PAPERMILL – The first Marcus DeLafayette Bearden built a paper mill on Third Creek in the 1830s. After it closed down in the 1880s, the ruin became known as the Old Papermill. The road that ran by it to the west was called, naturally, the Old Papermill Road. After World War II, the ruin was gone and forgotten, and the Old simply dropped.
WEISGARBER – In the 1800s, E.H. Weisgarber operated two mills on Fourth Creek as well as a carding company.
KHP hosts periodic programs including discussions within the Bearden Community to share local history as well as provide opportunities for members of the public to contribute memories and stories.
The following are edited oral history summaries for group discussions and individual interviews:
Although he had vowed never to return, Dr. William Lynn Weaver (1949-2019), a surgeon who went on to become chief of surgery at Morehouse School of Medicine in Atlanta, was invited to come back to West High School in 2018 to share his experiences as one of 14 Black students at the school in the early 1960s when the school was desegregated.
Marcus Carmon’s 20-minute documentary, How the West Was One, captures Dr. Weaver’s visit back to the school where he met teachers and students. He talked candidly about those hard times and, on reflection, also the good things that helped propel him on his journey and successful career as a surgeon.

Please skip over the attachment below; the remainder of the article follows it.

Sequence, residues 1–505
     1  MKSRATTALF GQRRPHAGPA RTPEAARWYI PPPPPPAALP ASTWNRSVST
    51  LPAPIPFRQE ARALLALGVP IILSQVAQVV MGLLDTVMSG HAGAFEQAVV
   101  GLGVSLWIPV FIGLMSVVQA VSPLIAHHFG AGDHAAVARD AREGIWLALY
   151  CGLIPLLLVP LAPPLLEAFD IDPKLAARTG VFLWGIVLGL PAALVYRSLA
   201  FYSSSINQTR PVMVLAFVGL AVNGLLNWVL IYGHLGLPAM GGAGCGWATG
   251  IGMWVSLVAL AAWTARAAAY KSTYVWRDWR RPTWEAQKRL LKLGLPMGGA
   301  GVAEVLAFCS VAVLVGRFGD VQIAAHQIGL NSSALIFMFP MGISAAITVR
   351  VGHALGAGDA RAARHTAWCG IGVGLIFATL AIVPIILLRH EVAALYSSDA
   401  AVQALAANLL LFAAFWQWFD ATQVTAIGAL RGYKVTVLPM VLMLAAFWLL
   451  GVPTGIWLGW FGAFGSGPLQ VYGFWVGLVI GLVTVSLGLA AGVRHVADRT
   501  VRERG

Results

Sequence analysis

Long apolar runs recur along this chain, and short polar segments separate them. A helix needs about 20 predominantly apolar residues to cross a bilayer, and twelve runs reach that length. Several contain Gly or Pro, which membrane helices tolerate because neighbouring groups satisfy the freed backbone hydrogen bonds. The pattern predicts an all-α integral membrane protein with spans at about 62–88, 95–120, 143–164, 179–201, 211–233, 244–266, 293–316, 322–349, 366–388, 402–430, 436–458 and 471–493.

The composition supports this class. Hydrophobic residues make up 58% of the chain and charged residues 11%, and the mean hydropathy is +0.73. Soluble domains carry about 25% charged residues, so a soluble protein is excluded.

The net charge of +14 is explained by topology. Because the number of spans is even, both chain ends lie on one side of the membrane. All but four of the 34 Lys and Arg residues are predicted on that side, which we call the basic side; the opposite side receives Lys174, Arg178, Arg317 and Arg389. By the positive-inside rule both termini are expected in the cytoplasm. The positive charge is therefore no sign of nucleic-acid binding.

Previously, in 2007, NPR’s Story Corps featured Dr. Weaver, who remembered his father who lived in Knoxville as a janitor and chauffeur, and of his experiences at West High School. Link to Weaver’s NPR Story Corps segments.
Dr. Weaver died in 2019 at age 69.
Find other African American stories on the Black History page.
KHP is seeking community involvement to expand the history of Bearden both online, in programming, and for future publications. Do you have stories, photographs, and ephemera that you would be willing to share that would enhance what we collectively know about Bearden or Knoxville history? If so, please email us or call 865-337-7723.
Learn more about KHP’s community history sharing initiative, Knoxville Shoebox here.